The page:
It’s time for another BreadBakingDay, and host Eva (Sweet Sins) chose “Shape” as this month’s excellent theme. I opted to make a couronne Bordelaise (Bordeaux-style crown), because it was about time I put my oddly-shaped couronne banneton, which I’ve had for a few months now, to use.
What I wish I had figured out before I spent a small fortune ordering this 12″ linen-lined banneton from France, however, is that you absolutely don’t need it. You can rig up a perfectly good stand-in with an inverted cereal bowl inside any flat-ish basket (even a large pie plate would do), and a piece of linen draped over them. I made one couronne in the “real” banneton and one in the mock-up, and I truly couldn’t tell the difference in the final loaves. The diameter of my basket is about 11″, and of the bowl, about 4.5″.
For one couronne of 11-12″ diameter, you need 750 grams of dough. Divide the dough into six pieces of 100 grams each, and one piece of 150 grams. Shape the pieces lightly into balls and let them rest, covered, for about 20 minutes. Flour the linen lining your basket.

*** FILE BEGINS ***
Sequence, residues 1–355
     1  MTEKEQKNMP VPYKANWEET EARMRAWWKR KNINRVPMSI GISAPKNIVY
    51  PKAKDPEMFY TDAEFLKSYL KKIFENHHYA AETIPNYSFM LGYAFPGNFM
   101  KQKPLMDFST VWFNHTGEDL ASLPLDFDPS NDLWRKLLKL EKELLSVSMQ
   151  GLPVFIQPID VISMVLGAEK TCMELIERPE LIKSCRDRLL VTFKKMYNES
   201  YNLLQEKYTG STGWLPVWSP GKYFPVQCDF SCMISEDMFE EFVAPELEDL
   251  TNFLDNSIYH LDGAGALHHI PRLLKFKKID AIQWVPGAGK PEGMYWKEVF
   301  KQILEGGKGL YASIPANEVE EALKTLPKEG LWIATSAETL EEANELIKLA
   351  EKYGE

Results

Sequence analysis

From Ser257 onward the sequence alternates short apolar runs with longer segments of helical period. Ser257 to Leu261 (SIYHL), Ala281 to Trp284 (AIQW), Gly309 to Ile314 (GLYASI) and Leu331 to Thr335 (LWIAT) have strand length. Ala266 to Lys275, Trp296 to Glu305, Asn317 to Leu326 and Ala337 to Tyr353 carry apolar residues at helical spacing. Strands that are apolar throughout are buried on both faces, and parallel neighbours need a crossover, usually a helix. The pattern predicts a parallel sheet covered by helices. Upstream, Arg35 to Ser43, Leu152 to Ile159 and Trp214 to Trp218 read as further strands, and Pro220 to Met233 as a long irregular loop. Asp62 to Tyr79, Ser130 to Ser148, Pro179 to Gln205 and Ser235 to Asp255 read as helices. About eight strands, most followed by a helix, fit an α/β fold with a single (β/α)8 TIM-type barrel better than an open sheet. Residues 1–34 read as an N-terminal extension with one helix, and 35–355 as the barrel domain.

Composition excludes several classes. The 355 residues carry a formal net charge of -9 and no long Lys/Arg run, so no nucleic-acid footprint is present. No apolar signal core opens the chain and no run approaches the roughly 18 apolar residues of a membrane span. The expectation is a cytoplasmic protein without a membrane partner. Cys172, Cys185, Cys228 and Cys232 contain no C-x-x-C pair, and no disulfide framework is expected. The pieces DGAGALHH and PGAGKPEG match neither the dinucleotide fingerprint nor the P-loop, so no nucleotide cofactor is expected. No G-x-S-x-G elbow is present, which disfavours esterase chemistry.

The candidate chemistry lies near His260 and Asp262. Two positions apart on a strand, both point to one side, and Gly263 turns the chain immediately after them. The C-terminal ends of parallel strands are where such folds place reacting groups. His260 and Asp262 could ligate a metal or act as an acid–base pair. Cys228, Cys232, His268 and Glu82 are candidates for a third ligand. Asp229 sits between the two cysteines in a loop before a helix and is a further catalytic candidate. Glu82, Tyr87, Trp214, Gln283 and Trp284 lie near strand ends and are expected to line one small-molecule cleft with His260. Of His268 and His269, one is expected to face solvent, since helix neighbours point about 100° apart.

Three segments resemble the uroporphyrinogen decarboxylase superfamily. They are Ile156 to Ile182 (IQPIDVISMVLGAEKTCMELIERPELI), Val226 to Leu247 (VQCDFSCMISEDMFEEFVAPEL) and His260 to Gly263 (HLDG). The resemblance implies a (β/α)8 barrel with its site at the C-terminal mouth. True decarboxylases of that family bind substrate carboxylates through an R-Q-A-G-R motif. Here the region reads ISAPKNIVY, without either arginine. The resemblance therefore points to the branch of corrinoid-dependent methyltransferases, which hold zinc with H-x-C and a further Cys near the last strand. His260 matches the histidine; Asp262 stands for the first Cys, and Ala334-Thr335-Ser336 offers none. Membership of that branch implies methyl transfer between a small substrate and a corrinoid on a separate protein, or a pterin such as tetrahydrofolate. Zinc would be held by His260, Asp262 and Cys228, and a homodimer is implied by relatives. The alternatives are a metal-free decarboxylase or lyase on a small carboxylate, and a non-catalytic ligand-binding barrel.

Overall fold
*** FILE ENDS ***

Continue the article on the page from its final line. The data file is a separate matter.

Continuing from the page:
Roll the 150-gram ball into a flat disk about 10″ in diameter. Drape it evenly over the center hump in your basket. It should reach about halfway to the basket’s outside wall.
Shape the remaining six pieces into tight balls and place them seam side up in the basket, evenly spaced. They will not touch each other at this point.
With a razor blade or sharp knife, cut the center of the disc so that it has six points centered over the six balls, like this:
Fold each point back over its corresponding dough ball.
Proof the loaf as your recipe directs. By the end of the proof, the dough should be expanded sufficiently so that the balls are touching and you have a cohesive loaf. When it’s time to bake, invert the loaf onto the peel. The “collar” will look like it has glued itself to the balls (and it has), but it should pop up during baking. No slashing required!
Bake as directed by your recipe. You may need to bake slightly less time than you would bake a boule or batard of equal weight, since the couronne has a greater surface area.